As our communities, nation, and world reel from the impact of the COVID-19 public health crisis, Otten Johnson extends our sincere gratitude to all of the health care providers, first responders, public health leaders, and others who are serving those who are sick and at risk. Since we are business lawyers without the skills or expertise to provide medical care, our contributions to resolving this crisis are largely relegated to working from home to avoid spreading disease and offering financial contributions to worthy organizations supporting our community. But because we cannot help but think of this crisis through the lens of our land use, real estate, and business practices, we are bringing our clients and friends this series of alerts, exploring how the current pandemic affects our work, what we’re learning from it, and what the future holds.
This installment in our series of alerts covering COVID-19 issues addresses how pending and approved entitlements may be impacted by the economic slowdown and considerations for mitigating these impacts.
Land use and development approvals, frequently called “entitlements,” are critical components of a real estate project. Considerable time, energy, and cost go into obtaining or amending project entitlements before construction even begins. Project components such as financing, infrastructure design, construction planning, and leasing all depend on a project’s square footage, number of units, permitted uses, design standards, and applicable impact fees and other exactions that arise from local approvals. The certainty and predictability established by approved project entitlements are critical to the success of any project.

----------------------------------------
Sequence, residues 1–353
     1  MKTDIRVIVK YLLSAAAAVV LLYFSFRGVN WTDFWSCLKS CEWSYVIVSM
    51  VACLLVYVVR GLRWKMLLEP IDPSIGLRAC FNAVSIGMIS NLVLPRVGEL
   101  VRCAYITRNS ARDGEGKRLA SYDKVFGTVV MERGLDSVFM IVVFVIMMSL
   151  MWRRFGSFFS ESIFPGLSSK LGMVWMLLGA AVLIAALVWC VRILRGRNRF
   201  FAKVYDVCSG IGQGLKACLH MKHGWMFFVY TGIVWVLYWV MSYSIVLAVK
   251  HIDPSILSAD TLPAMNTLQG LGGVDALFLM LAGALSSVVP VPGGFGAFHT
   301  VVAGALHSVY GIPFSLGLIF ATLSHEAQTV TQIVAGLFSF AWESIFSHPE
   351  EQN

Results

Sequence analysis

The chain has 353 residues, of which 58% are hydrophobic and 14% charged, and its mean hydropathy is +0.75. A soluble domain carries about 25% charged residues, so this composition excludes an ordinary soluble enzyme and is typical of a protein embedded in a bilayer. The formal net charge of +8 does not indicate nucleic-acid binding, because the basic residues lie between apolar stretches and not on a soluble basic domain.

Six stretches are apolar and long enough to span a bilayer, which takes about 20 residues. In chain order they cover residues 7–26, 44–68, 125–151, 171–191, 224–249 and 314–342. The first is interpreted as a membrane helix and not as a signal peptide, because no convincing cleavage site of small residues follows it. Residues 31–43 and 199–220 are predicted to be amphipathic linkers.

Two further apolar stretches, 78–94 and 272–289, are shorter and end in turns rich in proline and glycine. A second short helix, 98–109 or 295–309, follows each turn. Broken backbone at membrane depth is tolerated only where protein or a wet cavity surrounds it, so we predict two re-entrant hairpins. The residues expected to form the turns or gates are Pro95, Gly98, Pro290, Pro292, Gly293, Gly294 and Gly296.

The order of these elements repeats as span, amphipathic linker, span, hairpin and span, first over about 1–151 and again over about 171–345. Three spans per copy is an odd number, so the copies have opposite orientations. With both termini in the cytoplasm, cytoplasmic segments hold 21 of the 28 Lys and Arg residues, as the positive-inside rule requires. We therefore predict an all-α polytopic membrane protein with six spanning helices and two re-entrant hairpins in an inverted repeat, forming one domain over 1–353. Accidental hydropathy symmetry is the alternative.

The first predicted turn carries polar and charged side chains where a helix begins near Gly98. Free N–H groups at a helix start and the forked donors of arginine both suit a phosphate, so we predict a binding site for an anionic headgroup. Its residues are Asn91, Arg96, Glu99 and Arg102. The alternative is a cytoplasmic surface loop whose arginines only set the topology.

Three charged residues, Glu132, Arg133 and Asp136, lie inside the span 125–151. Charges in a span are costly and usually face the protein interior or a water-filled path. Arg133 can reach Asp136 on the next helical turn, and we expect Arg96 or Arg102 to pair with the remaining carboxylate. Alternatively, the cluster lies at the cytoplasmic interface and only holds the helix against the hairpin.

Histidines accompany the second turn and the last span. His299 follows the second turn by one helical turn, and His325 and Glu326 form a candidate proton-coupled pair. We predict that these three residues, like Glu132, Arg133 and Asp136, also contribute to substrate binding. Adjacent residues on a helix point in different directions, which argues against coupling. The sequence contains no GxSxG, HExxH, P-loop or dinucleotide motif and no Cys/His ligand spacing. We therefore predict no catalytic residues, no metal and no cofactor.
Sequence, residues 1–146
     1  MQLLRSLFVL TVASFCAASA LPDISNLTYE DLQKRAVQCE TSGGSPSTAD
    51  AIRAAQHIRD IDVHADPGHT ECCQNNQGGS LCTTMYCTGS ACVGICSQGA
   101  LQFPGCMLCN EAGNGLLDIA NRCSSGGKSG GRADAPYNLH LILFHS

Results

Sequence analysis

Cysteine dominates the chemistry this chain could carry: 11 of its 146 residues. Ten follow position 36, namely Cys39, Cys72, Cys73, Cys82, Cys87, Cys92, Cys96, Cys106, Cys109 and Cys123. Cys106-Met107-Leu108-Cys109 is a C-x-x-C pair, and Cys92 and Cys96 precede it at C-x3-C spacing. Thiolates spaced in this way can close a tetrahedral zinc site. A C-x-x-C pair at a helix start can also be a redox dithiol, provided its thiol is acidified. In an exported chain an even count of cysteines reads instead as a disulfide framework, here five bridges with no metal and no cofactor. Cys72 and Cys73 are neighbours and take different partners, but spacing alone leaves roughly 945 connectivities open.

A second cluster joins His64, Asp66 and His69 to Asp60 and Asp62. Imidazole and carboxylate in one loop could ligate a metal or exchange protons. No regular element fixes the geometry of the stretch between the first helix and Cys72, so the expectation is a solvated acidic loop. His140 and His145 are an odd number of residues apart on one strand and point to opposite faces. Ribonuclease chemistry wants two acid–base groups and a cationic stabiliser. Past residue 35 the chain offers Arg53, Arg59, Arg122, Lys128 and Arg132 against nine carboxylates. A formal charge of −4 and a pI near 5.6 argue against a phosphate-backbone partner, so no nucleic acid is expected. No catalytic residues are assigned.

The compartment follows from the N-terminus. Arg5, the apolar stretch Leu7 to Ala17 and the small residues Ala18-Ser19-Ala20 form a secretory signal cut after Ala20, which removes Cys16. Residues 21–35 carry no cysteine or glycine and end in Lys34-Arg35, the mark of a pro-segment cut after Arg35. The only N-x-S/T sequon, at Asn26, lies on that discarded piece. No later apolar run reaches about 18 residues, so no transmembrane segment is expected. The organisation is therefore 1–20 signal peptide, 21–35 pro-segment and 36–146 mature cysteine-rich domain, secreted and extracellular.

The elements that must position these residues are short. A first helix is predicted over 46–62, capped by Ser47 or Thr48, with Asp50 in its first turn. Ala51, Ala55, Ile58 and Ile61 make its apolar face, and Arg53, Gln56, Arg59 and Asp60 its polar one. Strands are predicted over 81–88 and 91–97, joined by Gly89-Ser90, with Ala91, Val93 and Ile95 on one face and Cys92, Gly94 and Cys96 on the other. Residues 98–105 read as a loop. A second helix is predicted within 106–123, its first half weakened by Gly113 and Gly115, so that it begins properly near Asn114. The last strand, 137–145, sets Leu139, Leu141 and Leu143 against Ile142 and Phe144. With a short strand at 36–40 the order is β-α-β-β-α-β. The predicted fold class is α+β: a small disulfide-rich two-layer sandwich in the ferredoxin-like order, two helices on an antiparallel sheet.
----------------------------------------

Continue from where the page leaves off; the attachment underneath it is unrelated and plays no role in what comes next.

But these are far from certain and predictable times. Financial markets are in flux. Governmental agencies and decision-making bodies are operating with few staff members and little to no in-person services, like permit counters, project meetings, and public hearings. Although project entitlements might not be top of mind in these trying times, periods of economic uncertainty or slowdown might well present opportunities for protecting and even enhancing the value of land.